God has shown up over and over in the painful circumstances of my own life as well. And I too can join those who testify that God is worth it even when life hurts.
Pain is powerful because there we experience God.
Holman Christian Standard Bible. Nashville: Holman, 2006. Print.Nouwen, Henri. A Letter of Consolation. New York: Harper & Row, 1982. Print.
All across the nation today, there will be ceremonies commemorating National Aboriginal Day (or what will soon be National Indigenous People’s Day, according to Justin Trudeau). There will be dancing and singing and regalia and official speeches by important people in city centers from sea to sea to sea. […]
Therefore God lifted him high, and granted freely to him the name above every name, so that in the name of Jesus every knee would bend, in heaven, on earth, under the earth, and every tongue constent. —— So began today’s morning reading in the prayer book that I sometimes use. […]
Recently, I finally got around to watching Lion, the Oscar-nominated film based on the true story of Saroo Brierley who, as a five-year-old boy, is accidentally separated from his older brother while scavenging in trains in India. After falling asleep on a bench at one of the stations, Saroo (played by Sunny Pawar) boards another train hoping to find his brother but ends up 1600 kilometers
He sits over in the corner of the little restaurant on the #3 highway that a friend and I sometimes meet at to talk about God, life, pastoring. He is wet and dirty, just like the weather outside, a ball cap pulled down over long black hair, a wispy moustache straining and stretching over snarling lips. […]
The traditional view of God that is embraced by most—what is called “classical theology”—works from the assumption that God’s essential divine nature is atemporal, immutable, and impassible. The Church Fathers fought to articulate and defend the absolute distinction between the Creator and creation and they did this—in a variety of ways—by defining God’s eternal nature over-and-against the creation. Thus they embraced a conception of God’s being in his transcendent nature that contrasted with God’s accommodating activity with his people. God’s essential eternal nature was defined over-and-against God’s ultimate accommodation in the Incarnation and Crucifixion of Christ. [...] The post Classical Theism’s Unnecessary Paradoxes appeared first on Greg Boyd - ReKnew.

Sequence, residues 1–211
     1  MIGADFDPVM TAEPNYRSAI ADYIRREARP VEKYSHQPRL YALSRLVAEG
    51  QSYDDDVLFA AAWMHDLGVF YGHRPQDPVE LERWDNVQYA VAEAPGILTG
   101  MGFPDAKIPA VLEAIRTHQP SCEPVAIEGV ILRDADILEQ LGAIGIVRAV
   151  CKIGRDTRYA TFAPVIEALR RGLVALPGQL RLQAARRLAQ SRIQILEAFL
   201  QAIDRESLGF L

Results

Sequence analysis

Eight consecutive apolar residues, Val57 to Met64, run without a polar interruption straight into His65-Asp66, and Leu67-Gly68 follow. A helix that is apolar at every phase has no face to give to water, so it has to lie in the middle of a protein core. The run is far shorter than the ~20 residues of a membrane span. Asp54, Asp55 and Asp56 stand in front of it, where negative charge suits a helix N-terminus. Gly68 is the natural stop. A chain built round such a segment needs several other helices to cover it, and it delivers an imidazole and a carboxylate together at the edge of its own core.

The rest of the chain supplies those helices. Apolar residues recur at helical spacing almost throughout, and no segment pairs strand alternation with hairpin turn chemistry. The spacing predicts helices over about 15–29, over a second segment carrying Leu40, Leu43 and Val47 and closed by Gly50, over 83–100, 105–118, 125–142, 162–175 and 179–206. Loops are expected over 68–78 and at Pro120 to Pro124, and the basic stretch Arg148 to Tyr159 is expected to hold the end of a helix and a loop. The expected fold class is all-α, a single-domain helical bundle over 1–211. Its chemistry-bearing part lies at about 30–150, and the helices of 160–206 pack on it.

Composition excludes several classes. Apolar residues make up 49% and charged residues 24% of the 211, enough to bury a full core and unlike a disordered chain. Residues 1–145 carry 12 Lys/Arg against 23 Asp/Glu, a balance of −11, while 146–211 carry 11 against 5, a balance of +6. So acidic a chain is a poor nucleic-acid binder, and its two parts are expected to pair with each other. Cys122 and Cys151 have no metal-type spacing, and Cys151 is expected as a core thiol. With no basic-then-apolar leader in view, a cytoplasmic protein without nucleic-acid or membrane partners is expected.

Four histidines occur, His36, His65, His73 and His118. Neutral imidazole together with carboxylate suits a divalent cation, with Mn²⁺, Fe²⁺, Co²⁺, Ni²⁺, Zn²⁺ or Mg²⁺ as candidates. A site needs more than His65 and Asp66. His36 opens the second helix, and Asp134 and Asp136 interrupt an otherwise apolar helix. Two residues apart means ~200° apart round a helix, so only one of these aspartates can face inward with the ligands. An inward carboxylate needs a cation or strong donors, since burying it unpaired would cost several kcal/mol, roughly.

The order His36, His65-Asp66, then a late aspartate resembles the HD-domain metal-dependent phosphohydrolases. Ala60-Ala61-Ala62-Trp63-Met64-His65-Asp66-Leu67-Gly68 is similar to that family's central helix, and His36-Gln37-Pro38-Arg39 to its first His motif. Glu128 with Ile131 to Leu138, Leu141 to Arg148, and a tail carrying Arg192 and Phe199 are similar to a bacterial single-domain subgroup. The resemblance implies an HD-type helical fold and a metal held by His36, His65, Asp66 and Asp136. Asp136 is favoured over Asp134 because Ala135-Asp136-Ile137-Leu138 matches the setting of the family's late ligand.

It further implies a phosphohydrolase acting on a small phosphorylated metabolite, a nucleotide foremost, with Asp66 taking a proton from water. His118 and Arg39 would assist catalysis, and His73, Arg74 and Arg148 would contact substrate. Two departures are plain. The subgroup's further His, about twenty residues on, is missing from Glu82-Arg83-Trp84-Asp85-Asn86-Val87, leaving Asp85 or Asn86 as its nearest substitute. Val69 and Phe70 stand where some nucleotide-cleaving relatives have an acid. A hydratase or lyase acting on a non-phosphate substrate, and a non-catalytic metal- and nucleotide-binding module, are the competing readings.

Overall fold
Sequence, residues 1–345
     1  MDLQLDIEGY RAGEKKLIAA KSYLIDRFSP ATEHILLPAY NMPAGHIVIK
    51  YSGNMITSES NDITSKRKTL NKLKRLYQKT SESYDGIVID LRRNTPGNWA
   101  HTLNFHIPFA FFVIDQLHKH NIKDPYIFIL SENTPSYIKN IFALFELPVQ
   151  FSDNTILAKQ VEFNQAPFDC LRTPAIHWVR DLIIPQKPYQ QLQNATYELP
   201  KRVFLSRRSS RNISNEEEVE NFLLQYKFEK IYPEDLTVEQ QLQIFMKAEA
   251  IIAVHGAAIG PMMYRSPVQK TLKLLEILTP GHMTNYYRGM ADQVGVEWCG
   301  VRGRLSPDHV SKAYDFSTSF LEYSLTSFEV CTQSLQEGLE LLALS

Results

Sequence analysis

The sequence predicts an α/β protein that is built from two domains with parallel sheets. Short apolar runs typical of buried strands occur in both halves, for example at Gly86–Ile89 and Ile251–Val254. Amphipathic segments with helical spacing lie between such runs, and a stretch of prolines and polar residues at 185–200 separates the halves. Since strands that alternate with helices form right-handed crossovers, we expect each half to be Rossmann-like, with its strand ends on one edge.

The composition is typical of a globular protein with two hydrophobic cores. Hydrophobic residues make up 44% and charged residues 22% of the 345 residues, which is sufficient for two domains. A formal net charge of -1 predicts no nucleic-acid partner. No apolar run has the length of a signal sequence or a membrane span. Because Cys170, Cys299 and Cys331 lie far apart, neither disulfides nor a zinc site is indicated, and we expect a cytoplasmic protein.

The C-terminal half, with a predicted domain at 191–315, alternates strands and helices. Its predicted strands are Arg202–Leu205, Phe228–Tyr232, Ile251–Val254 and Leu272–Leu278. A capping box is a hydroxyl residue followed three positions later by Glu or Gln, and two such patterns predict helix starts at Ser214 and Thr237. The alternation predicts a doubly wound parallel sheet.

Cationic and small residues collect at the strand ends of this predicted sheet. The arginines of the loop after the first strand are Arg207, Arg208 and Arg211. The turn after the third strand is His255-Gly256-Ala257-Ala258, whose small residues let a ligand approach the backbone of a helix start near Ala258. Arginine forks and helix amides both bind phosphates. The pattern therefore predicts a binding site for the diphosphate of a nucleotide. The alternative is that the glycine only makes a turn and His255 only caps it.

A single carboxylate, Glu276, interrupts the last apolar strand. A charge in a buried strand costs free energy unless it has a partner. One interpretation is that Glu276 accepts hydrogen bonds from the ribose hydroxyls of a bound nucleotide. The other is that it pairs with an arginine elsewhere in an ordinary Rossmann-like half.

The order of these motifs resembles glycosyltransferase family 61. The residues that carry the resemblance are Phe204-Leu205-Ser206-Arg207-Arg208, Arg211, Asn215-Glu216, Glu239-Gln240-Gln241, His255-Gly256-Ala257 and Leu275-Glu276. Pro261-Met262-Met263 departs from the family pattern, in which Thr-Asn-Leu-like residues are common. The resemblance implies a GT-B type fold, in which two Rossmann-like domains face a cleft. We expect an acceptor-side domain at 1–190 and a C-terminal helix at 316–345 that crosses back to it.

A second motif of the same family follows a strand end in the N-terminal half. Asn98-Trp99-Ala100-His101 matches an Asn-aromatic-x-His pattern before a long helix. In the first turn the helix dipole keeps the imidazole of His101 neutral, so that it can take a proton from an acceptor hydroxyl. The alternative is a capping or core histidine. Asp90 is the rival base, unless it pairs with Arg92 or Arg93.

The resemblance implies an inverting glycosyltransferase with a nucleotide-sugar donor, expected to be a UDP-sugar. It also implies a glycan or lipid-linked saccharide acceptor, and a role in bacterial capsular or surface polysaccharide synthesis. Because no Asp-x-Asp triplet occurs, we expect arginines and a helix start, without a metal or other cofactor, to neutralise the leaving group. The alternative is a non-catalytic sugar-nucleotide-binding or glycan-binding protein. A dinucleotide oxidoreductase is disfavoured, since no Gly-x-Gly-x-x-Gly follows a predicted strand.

“I have a complaint to make.” The comment was made by a member of our church who periodically drops in on me Tuesday mornings. The twinkle in his eye and the grin on his face signaled that this “complaint” was more of an observation or a conversation starter than an actual grievance. […]
Truth and love are both basic virtues for Christians. The Bible tells us God is love, and Jesus is the truth (1 John 4:8, John 14:6). But sometimes truth and love seem to get in each other’s way. Or maybe it is what we think is the truth and what we think is loving. Continue reading Loss and grief and rejection pulverize a heart
A few days ago the world received the news that a Mennonite Christian peacebuilder named Michael “MJ” Sharp was killed while working for peace with the local church and the United Nations in the Congo. […]
Read more...MJ Sharp: An Inspiring Man Who Gave Himself for the Lives of Others. His Life Points Us to Jesus.The post MJ Sharp: An Inspiring Man Who Gave Himself for the Lives of Others. His Life Points Us to Jesus. appeared first on Christian Peacebuilding.